For users accustomed to commercial home-lab SAXS equipment, the BioSAXS platform offers a remarkable increase in capabilities. “Typical users need about ten minutes on the BioSAXS beamline,” explains Phillip. “The equivalent on most in-house SAXS machines would be sixteen hours, which is just not reasonable. So, it’s hard to overemphasize the difference that a brightness improvement of two orders of magnitude really makes.” 

Streamlining the user experience

One of the primary aims of the instrument designers was to enable even those who are new to SAXS and synchrotron research to perform experiments on the machine. A great deal of effort was therefore put into user experience design, to make setup and configuration as simple as possible.  

“We knew that user training could be a big obstacle with this type of advanced system, so we decided to realize a different type of approach,” says Dr. Li. “It’s not just that our approaches to instrument design and how to integrate the MetalJet for SAXS were unique. It’s also a unique platform instrument that’s based on the workflow setup for a synchrotron, where we really focused on making the user interface easy to navigate.” 

“Training for a new user typically takes thirty to forty minutes, so I’d say we succeeded in this,” adds Philip. 

A platform for open innovation

By offering some of the world’s most advanced SAXS and WAXS capabilities in a ready-to-use benchtop format, Dr. Li hopes that researchers will be free to explore innovative ways to accelerate their process of new material discovery. “This is one of the unique aspects of the platform we’re developing here,” says Dr. Li. “It aims to offer broad access to a wide range of research groups, so no one should feel intimidated by the equipment. If one institute just needs 20 minutes, they can book it. If another needs, say, a time-resolved study that takes days, then they book a few days.”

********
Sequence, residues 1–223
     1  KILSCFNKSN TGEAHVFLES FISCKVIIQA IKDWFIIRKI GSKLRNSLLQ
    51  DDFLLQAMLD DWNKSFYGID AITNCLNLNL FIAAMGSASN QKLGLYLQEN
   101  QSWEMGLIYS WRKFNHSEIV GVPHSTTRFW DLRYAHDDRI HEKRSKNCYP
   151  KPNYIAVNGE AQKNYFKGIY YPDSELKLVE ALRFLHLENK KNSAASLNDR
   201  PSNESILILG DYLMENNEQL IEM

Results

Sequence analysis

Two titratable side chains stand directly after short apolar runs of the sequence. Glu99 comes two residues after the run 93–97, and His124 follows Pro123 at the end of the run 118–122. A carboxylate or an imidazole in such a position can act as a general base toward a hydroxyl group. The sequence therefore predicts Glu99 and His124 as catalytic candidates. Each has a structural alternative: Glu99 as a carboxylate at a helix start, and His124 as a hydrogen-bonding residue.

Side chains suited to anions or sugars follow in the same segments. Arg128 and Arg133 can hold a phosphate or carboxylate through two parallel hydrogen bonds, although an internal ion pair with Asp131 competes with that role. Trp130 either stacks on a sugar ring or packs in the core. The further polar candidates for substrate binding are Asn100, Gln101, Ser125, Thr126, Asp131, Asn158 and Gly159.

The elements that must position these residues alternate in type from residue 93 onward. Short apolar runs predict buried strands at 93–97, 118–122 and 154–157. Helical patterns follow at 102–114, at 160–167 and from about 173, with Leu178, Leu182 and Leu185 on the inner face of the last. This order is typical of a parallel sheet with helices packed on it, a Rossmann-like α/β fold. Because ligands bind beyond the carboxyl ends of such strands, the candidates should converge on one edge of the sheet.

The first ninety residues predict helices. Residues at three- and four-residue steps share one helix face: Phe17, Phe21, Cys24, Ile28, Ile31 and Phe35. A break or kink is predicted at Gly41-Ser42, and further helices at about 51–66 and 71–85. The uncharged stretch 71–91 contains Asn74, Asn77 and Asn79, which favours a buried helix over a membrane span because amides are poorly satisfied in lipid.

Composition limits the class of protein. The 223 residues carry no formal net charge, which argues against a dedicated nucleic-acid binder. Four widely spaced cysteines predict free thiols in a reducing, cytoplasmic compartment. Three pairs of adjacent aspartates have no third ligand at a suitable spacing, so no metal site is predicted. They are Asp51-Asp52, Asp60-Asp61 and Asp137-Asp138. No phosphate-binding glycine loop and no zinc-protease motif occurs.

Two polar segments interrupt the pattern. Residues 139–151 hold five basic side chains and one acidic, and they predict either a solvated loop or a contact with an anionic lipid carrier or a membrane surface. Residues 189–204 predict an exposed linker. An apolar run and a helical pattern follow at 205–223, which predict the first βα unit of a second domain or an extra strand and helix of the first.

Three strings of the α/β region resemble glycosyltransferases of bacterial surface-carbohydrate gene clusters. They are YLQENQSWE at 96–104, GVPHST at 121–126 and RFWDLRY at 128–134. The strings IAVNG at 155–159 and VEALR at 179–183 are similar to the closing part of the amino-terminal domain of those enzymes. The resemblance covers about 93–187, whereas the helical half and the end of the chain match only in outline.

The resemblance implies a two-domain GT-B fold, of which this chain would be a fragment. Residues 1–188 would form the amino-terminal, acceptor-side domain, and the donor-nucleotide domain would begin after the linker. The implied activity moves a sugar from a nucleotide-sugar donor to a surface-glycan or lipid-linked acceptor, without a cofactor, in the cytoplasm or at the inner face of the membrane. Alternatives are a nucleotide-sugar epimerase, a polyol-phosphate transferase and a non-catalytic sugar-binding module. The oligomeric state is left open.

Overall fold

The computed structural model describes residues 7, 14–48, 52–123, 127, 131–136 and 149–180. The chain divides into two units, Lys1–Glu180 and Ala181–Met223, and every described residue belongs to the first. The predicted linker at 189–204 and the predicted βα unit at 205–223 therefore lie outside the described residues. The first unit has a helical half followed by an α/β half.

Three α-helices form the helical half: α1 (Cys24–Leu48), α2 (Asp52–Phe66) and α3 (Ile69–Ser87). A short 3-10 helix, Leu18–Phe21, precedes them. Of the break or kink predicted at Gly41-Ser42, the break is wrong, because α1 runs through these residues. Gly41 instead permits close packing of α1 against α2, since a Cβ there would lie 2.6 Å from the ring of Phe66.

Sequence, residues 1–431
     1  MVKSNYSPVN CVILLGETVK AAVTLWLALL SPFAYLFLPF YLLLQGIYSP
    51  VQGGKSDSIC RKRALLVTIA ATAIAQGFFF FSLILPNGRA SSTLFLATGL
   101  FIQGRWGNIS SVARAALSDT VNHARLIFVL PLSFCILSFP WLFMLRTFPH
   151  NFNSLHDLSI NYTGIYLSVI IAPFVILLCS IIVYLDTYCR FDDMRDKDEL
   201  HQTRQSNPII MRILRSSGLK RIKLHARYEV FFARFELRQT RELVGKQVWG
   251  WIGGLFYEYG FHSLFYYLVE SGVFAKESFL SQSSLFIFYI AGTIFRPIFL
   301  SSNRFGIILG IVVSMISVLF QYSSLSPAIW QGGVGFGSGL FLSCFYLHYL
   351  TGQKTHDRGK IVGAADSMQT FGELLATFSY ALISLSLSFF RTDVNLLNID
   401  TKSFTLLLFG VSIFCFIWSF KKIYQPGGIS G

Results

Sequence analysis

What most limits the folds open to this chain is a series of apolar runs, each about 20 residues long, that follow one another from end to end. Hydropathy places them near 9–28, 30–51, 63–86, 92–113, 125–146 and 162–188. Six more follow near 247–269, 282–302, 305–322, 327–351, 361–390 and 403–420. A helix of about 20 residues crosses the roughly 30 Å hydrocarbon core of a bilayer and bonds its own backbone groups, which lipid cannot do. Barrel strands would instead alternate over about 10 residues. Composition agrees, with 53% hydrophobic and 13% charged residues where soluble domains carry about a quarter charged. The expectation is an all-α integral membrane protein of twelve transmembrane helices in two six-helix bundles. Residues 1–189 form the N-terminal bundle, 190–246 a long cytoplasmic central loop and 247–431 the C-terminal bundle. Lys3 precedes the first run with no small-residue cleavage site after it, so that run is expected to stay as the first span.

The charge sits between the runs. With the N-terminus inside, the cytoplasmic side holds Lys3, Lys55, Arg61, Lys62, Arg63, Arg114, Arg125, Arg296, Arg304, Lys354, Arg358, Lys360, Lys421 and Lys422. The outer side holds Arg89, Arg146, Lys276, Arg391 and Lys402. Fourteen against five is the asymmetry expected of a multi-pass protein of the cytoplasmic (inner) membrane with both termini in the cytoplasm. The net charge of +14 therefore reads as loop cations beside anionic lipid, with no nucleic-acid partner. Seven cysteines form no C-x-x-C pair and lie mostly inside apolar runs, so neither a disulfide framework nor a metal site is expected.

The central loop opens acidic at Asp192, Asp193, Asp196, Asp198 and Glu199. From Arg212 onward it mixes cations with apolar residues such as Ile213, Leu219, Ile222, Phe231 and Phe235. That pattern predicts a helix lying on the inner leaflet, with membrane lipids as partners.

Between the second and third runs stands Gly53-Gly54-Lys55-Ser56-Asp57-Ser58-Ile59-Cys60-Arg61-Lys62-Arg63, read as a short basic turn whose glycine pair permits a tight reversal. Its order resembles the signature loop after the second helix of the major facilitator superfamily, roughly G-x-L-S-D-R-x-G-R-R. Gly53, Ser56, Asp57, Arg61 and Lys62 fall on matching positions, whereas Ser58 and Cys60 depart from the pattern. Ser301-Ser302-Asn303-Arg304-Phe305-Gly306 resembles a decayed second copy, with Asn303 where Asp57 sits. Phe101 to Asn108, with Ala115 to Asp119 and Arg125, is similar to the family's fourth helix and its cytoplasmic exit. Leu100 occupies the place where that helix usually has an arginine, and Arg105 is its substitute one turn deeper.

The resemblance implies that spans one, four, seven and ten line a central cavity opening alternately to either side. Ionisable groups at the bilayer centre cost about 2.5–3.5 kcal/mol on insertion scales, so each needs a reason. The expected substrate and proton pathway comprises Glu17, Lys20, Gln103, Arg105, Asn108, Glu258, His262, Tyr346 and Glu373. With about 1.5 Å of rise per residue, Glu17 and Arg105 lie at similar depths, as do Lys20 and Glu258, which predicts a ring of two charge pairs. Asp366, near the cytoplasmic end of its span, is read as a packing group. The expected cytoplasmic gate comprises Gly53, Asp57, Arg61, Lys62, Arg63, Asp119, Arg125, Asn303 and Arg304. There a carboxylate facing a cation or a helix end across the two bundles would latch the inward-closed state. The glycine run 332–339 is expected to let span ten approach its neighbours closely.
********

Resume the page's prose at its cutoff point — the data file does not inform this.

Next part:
A unique example of the latter case is, in fact, already under development in the form of new sample environments combining kinetic mix-SAXS and optical microscopy measurements for examining the mixing of complex fluids. The addition of custom-developed mixing devices compatible with both methods is aimed toward enabling what BioPACIFIC describes as “assembly and structuring in molecular systems resolved across an unprecedented range of length and time scales.”  

Designing tomorrow’s sustainable materials 

The aim of NSF BioPACIFIC MIP, funded by the National Science Foundation in collaboration with UC Santa Barbara and UCLA, is not only to promote fundamental science, but to create materials that may soon replace traditional petrochemical-based methods. Starting with bio-derived building blocks and polymers from yeast, fungi and bacteria, the hope is to facilitate data-driven discovery and scalable production of next-generation polymers that can contribute to solving the worlds’ environmental crisis at scale. 

“We don’t just want to make high-performance materials,” explains Dr. Li. “We want to use synthetic biology to discover and design materials that are inherently biodegradable.”  

At Dr. Li’s lab, this journey starts by providing the widest possible access to the right scientific expertise, computational and simulation capabilities, and advanced instrumentation. “And here one of the keys is, again, the high brightness of the MetalJet source,” says Dr. Li. “To probe these biomolecular structures and polymers that are generally disordered, researchers can now use the same exposure to get the same sensitivity as a synchrotron, which is a huge improvement over the commercial systems available today. 

So far, all the visitors have been super excited,” concludes Dr. Li enthusiastically. “I think this will open many people’s minds.” 

So far, all the visitors have been super excited, I think this will open many people’s minds.” 
Dr. Youli Li, Group Leader


A high brightness laboratory SAXS beamline

Case study

University of California user story

More information

The metal-jet technology

Related products

MetalJet D2+
MetalJet C2
MetalJet E1+

Related X-ray methods

Small Angle X-ray Scattering (SAXS)